These amazing pictures were taken by Sue Bailey, one of the tour members on this year's trip.
This bear was snoozing in a meadow of Bog Saxifrage. We got close views from the Zodiac.
A typical Zodiac cruise.
Walrus gave some fantastic close views.
Moss Campion was one of the many flowers we saw in abundance.
Humpback Whales are becoming more common in the waters around Spitsbergen.
Sue did a brilliant job of capturing this Walrus in motion as it headed for the water.
Snow Buntings are plentiful and the only breeding passerine on Spitsbergen.
An Arctic Tern attacks an endemic Svalbard Reindeer.
This is just one of over twenty Polar Bears we saw on this trip!
..and here is another; this time in the pack ice.
This Long-tailed Skua was one of a pair that were surprisingly confiding.
Long-tailed Ducks look great in all plumages but it was nice to see this one in summer plumage.
Little Auks at a colony amongst boulders.
We saw several Red Phalaropes including a male on a nest.
Brunnich's Guillemot is one of the commonest birds in Spitsbergen.
Bearded Seal was just one of several seal species seen.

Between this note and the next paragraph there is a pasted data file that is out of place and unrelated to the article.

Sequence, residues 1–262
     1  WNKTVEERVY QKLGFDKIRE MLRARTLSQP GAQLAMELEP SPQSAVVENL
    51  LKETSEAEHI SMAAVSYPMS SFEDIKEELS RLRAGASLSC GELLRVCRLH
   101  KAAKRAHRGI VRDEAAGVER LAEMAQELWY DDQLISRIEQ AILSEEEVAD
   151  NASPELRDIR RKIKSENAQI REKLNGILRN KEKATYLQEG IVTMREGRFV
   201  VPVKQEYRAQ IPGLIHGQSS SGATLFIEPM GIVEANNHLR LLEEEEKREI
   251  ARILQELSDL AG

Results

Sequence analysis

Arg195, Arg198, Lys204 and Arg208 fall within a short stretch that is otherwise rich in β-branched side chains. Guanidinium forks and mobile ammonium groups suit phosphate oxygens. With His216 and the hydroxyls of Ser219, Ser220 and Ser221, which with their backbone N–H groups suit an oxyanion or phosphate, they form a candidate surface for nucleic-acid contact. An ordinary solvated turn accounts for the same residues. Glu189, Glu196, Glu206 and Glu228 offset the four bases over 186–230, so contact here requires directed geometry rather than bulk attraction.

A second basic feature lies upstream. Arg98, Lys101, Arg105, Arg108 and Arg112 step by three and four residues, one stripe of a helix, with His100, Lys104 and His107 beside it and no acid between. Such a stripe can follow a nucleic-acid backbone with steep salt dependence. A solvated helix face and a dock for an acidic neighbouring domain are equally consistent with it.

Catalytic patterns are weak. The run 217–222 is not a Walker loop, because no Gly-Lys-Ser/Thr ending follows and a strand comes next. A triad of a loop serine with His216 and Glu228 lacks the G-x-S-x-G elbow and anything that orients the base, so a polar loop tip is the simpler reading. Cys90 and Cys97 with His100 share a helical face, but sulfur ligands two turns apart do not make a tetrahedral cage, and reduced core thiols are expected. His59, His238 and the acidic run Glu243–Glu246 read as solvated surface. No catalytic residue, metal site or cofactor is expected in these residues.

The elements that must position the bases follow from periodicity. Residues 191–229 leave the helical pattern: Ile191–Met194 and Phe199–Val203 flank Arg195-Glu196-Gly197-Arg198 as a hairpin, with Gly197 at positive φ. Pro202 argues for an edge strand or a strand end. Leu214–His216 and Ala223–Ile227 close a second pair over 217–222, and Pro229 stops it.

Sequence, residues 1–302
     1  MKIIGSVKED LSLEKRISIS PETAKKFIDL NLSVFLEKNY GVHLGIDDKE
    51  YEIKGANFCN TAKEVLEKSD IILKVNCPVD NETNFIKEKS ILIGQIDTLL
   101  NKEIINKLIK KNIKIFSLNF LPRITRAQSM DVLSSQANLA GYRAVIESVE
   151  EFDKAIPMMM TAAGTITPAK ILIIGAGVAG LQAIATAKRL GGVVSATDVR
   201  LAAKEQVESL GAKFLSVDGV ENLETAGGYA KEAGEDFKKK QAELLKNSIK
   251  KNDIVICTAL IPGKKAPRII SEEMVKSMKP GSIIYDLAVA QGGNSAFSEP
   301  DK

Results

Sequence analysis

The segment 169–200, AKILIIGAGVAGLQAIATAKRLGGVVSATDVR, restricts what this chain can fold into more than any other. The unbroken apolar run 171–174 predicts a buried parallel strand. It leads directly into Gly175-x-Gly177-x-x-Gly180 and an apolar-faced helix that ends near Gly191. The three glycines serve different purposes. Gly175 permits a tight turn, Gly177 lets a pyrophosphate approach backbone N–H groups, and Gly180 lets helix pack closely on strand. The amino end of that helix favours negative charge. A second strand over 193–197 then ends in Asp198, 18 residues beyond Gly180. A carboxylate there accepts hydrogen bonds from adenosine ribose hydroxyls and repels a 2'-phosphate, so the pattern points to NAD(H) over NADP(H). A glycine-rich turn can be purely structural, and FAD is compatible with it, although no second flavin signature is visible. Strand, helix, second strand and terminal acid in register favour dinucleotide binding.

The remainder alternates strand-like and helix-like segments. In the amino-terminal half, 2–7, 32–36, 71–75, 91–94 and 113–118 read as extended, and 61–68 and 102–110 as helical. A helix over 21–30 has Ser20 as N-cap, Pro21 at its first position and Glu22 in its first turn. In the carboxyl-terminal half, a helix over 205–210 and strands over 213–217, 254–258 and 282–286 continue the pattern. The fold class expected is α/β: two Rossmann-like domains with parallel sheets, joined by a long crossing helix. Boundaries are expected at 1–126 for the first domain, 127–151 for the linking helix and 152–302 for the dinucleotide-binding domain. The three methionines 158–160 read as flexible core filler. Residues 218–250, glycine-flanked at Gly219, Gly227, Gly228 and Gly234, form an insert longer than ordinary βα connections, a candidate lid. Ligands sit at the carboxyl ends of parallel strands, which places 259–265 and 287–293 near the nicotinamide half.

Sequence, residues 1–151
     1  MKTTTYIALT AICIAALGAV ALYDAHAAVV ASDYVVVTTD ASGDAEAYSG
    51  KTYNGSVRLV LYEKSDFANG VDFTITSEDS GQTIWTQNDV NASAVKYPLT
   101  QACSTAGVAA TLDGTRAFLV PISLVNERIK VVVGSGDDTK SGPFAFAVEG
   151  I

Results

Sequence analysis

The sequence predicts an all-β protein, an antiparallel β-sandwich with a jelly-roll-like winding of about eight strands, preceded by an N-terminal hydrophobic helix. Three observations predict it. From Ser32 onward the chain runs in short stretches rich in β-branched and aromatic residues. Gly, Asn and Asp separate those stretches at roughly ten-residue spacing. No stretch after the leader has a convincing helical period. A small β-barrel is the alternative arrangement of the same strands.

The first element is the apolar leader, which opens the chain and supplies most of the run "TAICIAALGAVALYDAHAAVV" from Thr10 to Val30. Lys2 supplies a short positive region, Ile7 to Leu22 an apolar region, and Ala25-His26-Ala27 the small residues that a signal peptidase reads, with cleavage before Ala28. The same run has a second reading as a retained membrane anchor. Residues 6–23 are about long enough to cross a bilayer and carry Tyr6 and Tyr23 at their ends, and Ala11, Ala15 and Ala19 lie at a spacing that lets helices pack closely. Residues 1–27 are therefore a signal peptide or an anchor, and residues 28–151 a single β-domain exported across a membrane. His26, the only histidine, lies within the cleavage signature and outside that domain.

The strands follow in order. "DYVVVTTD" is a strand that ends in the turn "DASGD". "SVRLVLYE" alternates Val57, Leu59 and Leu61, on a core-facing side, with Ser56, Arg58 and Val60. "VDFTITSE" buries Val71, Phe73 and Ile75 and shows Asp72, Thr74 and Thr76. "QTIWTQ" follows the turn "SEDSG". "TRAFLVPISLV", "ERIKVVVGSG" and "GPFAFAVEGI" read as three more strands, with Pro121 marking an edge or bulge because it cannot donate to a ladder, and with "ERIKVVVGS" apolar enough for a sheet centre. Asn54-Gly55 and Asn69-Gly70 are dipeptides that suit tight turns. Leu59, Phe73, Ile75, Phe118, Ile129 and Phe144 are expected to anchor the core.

Enjoying the Brunnich's Guillemot colony at Alkefjellet.
The following photographs were taken during the last 5 years on our various tours to Spitsbergen.
The first section were snapped by Andy and following that are a swathe of Phil's from previous years.
All the above pictures were taken by Andy in 2010. Those below are from earlier years by Phil.
This year's tour succeeded in locating the Big Five of the Arctic: Polar Bear, Arctic Fox, Walrus, Ivory Gull and Little Auk.
Our timing was perfect, with many young birds around, good weather, good bears and good ice. Conditions allowed us to circumnavigate Spitsbergen, something that ice conditions do not always permit.
The approach to Longyearbyen on the last day of 24 hour daylight.
Following a comfortable night in the hotel and a hearty breakfast, we located the endemic Svalbard Reindeer on the slopes above town the next morning.
They were moulting the velvet from their antlers.
Young Snow Buntings are grey & we found plenty on this tour - even in town.
Arctic Skuas nest close to town and this youngster was still being fed by its parents.
Arctic Terns had almost finished breeding. Just a few large youngsters remained. The adults came to investigate us, but were not as aggressive as they can be early in the year.
Boarding the ship in the evening, we cruised out of Isfjorden under the first sunset of the autumn.
The next morning, we entered a fjord on the west side of Spitsbergen in search of bears
A Glaucous Gull flies in front of the massive glacier wall
At the base of the glacier, thousands of Kittiwakes gather to feed on invertebrates.
The Ivory Gull is scarce, but with persistence can be located among the throngs of Kittiwakes.
It is easier to find them in the pack ice or near Polar Bears!